* Vienna, Berne agree deal to tax secret Swiss accounts
* Follows similar deals struck with Britain, Germany
* Existing funds to be taxed at between 15-38 pct (Adds quotes, details)
By Caroline Copley and Albert Schmieder
VIENNA/BERNE April 13 Austria nailed down a deal with Switzerland on Friday to tax money stashed by its citizens in secret Swiss accounts, securing a 1 billion euro ($1.3 billion) windfall needed to help shore up its finances.
But Austria's deal is far less favourable than those struck by Britain and Germany, which both responded to political pressure by extracting big up-front payments and more concessions from Switzerland.
The deals are an attempt to claw back taxes from citizens using Swiss offshore accounts to hide savings from tax authorities.
Austria was anxious to agree a quick deal with its neighbour as it has already included the 1 billion euro tax windfall in a package aimed at balancing the state budget by 2016. At a news conference in Berne, Austrian finance minister Maria Fekter said she expected the funds to start flowing in the first half of 2013.
"The Swiss agreement proves our reform package is based on solid fundamentals", Fekter told a media briefing. "Through this additional income we will achieve our budget goals and further strengthen Austria."
Despite the hurried negotiations and less lucrative terms struck by Austria, the accord will be chalked up as a win for Fekter, who has faced criticism that her ministry's package of tax hikes and spending curbs was based on sound numbers.
The agreement is a blueprint for the type of deal Switzerland hoped to shop around Europe when it began discussing withholding tax agreements, which Swiss officials see as a way to preserve secrecy while appeasing foreign pressure to close tax loopholes.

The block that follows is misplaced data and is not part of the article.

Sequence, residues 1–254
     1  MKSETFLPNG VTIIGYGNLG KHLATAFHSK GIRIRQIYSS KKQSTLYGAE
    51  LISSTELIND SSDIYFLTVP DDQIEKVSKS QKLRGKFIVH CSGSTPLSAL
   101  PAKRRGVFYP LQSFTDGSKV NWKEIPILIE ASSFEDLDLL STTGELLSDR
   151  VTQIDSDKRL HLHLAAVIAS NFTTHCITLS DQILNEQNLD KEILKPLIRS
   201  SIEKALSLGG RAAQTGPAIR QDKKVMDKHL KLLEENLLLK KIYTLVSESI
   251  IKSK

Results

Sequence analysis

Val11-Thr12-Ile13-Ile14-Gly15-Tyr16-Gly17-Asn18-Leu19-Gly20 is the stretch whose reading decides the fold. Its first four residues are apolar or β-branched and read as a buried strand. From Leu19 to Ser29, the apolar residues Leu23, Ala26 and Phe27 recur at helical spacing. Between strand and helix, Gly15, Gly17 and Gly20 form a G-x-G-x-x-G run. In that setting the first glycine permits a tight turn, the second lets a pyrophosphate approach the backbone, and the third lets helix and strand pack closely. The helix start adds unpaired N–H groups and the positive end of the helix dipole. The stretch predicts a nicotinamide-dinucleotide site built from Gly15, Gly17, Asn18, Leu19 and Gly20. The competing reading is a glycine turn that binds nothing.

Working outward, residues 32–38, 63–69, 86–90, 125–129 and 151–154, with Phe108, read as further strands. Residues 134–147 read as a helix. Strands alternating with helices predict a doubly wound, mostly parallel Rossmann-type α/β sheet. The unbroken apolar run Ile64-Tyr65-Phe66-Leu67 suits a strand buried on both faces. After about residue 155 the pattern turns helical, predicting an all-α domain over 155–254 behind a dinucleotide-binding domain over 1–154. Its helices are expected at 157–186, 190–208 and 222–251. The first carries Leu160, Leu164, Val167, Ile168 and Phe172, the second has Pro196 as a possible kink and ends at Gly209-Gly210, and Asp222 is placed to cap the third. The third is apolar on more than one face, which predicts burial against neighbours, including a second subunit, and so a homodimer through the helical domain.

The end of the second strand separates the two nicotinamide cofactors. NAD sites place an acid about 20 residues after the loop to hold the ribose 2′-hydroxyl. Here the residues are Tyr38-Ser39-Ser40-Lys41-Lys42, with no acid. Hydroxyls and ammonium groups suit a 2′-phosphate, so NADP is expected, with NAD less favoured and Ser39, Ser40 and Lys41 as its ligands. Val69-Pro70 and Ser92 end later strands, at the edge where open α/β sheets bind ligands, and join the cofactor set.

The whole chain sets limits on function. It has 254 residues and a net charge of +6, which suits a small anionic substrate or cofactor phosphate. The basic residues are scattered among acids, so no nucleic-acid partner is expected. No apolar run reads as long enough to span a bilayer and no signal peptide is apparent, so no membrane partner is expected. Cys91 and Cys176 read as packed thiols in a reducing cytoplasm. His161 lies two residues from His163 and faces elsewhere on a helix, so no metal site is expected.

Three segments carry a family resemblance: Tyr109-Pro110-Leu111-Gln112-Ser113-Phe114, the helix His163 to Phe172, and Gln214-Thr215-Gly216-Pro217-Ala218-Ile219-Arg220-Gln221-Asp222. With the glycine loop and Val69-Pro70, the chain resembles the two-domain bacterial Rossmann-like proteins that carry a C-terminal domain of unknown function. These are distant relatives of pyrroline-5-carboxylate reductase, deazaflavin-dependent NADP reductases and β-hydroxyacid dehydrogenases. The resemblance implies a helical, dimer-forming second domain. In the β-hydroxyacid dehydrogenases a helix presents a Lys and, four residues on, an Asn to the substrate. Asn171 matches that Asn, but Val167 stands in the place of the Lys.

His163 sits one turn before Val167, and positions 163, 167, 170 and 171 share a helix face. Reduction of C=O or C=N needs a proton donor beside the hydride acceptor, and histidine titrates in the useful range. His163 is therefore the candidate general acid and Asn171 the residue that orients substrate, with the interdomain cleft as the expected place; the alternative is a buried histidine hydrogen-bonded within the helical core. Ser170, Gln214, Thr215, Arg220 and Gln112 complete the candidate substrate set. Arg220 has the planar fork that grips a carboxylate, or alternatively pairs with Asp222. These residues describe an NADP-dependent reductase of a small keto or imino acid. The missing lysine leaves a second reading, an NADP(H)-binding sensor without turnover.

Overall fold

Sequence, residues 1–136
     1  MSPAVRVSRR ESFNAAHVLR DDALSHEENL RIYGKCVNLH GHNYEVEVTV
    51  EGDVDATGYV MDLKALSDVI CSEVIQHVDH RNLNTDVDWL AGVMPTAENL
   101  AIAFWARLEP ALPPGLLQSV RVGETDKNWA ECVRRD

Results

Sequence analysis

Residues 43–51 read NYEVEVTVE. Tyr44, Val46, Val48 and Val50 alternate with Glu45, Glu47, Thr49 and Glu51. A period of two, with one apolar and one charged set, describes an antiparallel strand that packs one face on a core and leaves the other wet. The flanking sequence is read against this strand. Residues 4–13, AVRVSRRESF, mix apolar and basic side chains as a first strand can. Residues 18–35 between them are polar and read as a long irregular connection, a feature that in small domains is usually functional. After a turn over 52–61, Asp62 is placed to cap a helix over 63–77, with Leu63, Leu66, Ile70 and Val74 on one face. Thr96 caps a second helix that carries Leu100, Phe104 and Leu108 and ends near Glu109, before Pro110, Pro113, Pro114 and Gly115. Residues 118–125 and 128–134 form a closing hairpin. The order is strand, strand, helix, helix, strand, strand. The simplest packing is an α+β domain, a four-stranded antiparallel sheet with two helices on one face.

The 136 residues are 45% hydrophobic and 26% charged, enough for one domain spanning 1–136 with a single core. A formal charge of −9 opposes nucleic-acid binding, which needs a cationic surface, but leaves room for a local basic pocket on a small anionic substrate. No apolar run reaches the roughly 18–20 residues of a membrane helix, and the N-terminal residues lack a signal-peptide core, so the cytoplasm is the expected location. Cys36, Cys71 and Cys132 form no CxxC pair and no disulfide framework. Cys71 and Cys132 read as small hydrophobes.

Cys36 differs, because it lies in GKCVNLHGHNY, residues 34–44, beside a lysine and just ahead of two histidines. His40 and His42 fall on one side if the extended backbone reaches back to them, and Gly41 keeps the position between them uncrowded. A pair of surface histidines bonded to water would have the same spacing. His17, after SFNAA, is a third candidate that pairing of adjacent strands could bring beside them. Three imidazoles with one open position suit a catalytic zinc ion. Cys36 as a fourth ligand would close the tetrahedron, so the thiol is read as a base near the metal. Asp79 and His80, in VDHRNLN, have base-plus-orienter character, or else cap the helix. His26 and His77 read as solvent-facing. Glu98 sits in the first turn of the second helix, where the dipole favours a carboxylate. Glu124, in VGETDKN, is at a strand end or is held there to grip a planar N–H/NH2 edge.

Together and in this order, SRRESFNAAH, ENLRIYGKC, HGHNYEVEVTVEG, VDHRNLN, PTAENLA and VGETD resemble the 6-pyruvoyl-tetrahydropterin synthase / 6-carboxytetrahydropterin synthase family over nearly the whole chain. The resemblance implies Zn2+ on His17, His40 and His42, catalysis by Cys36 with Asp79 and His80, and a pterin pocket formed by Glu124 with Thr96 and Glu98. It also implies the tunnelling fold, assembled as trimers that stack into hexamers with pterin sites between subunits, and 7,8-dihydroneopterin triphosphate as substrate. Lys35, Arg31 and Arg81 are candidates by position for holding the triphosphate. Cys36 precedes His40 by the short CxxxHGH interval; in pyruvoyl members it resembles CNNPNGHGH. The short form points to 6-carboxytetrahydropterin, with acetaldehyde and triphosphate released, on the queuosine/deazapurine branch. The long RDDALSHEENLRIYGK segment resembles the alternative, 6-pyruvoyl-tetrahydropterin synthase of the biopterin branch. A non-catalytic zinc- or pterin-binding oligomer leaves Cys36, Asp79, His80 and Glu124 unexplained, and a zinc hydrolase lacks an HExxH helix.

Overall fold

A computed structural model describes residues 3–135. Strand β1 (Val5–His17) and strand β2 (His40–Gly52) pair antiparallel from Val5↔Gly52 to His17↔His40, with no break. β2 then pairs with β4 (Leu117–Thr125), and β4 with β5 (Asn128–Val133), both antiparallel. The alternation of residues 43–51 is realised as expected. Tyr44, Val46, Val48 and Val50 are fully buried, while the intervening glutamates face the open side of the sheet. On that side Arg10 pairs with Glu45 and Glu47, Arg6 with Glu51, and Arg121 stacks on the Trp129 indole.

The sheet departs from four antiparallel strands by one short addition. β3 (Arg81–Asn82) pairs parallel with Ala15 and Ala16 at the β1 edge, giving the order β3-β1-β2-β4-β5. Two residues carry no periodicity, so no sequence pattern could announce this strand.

The German and British arrangements have given rise to doubts among bankers in Switzerland, some of whom privately questioned whether the stiffer terms still made the withholding tax strategy worthwhile.
"The agreement represents a good result, as it satisfied the interests and requirements of both countries equally well," the Swiss government said on Friday.
In its eagerness to bring the deal into force by the start of 2013, Austria has forgone a chunk of cash up front. In contrast, Germany will receive 2 billion Swiss francs ($2.2 billion) up front, and Britain 500 million francs.
Under the terms of the Austrian deal, existing funds will be taxed at a rate of 15 to 38 percent, based on the size of the deposit stashed away.
This is less than 21 to 41 percent rate agreed in a revised deal with Germany last week, after opposition German lawmakers blocked the original accord, saying it was too lenient.
Vienna estimates there are some 12 billion to 20 billion in undeclared funds parked in Swiss accounts.
Future investment income will be taxed at a rate of 25 percent, equivalent to Austria's capital gains tax. Inheritance tax, which forms part of the British and German deals, won't be levied. The finance ministry hopes to net some 50 million euros in revenue annually from 2014.
A global crackdown by cash-strapped governments on tax dodgers has chipped away at Switzerland's cherished bank secrecy, that helped it build up a $2 trillion offshore financial sector.
Withholding tax deals allow Switzerland to preserve client confidentiality and head off the automatic exchange of information, which the European Union has been trying to deepen in the bloc.
The deals form the backbone of Switzerland's 'clean money' strategy, unveiled in February as it seeks to shake off its image as a haven for untaxed funds.
The Swiss Bankers' Association said the three deals underscored Switzerland's commitment to this strategy. The legislation will be put to the Swiss parliament in June.
It has held technical talks with Italian officials, while French Finance Minister Francois Baroin has indicated talks might continue after the presidential election, Swiss Finance Minister Eveline Widmer-Schlumpf said in an interview published on Friday. ($1 = 0.7590 euros) ($1 = 0.9192 Swiss francs) (Reporting by Caroline Copley and Albert Schmieder; additional reporting by Katharina Bart. Editing by Jeremy Gaunt.)